Culture & Society ---
"Guyana is a tough place...it's a fight just to deal with life." - Steven D. Lenhart
It was a pleasure to meet you during the recent Portland Timbers - Alpha United Champions' League game at Providence Stadium, Guyana. I am truly sorry that we could not extend to you the high quality of hospitality for which my family had long been famous. You came at a time when our "house" is in a terrible mess and at a time of grave conflict between our parents, both of whom we love dearly. They go by the nick-names, di Administration and di Opposition, and they seem to really hate each other. Sadly, they are so busy fighting between themselves, maligning each other, calling each other names, and too busy blaming one another for the way things are in our home that they have neglected to take care of our house and to take care of my siblings and me. The decaying smell in the air that you detected when you visited us, the piles of garbage you saw over various parts of the house, and the overflowing sink and toilet, among other deplorables are all evidence of their neglect of their parental responsibilities.
The situation in our dear home has become so desperate that some of my siblings have seemingly lost all hope and are resorting to stealing from and sometimes doing physical harm to other members of the family. It is hard to believe it, but some parts of our house is not safe. Some of my siblings do not take showers, defecate and urine on themselves, and pretty much live lives of involuntary destitution. I pass no judgement; they are all my siblings. Our parents try to make people think that everything is fine in the home, showing a lot of nice photos of our house, but don't be fooled those are old photos that do not reflect the current reality. Even our neighbors no longer treat us with respect, especially our neighbor named Trini. When we show up at her doorsteps she would search us as if we were criminals. Some of my siblings have also told me about poachers who frequent our backyard, stealing some of our precious stuff, but I don't know if this is true, for I have never seen any such activity. In my house you hear all kinds of rumors.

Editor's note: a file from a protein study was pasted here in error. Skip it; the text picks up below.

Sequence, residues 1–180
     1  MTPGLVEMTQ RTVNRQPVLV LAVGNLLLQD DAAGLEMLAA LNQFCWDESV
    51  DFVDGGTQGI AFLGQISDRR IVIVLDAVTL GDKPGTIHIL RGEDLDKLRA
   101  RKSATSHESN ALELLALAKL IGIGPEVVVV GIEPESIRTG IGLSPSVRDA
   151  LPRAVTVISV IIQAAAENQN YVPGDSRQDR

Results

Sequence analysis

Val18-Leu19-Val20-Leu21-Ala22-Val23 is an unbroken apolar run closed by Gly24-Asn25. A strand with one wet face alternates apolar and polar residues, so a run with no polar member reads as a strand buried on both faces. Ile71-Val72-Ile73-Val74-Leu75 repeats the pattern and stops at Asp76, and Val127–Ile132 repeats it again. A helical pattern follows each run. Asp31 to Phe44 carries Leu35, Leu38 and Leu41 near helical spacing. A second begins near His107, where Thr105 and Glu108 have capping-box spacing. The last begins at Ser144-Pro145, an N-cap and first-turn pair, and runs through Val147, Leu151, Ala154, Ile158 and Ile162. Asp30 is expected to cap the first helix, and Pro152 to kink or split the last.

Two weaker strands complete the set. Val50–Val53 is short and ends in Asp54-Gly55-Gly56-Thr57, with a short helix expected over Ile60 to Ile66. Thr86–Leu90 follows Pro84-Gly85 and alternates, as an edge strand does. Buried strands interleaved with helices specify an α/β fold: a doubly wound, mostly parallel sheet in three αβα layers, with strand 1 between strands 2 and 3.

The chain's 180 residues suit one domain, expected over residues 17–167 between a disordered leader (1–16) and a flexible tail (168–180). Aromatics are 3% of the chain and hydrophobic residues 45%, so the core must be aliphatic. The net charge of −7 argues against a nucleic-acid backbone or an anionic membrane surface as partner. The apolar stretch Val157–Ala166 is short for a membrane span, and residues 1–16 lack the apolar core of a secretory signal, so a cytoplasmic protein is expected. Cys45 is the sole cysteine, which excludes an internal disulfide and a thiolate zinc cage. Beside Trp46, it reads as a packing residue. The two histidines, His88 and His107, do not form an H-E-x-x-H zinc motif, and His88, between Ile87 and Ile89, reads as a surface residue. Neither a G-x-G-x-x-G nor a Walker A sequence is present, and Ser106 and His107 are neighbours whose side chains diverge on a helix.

What is very troubling, Steven, is that my siblings appear to be taking sides with our parents. Some are aligning themselves with one parent while others are aligning themselves with the other parent. This is certainly not a good situation, for we are fast becoming a house divided. If our home is to survive, our parents must be willing to suspend some of the positions they hold dear in the interest of the well-being of the entire household. Our parents are not bad people. They are good people who, I believe, desire the best for us their children. They are not perfect either, and because of that they need each other's feedback. Our home can be the beautiful, clean, resource-filled, and safe place it once was, Steven. I must add that there are some parts of our house you did see and which we hardly use. Those parts would blow you away for their insurmountable beauty. And many of my siblings, too, are incredibly wonderful individuals. I hope that when you return again for a visit that our parents would have put our house in order. In the meantime, please pray for my parents that this constant fighting between them will cease. The well-being of our family is at stake.
[Photo Art by Ric Couchman]
Steven Lenhart is an American photographer who travels with the Portland Timbers Football Club. You can read his blog detailing his brief visit to Guyana at http://timbersarmy.org/guyanaaway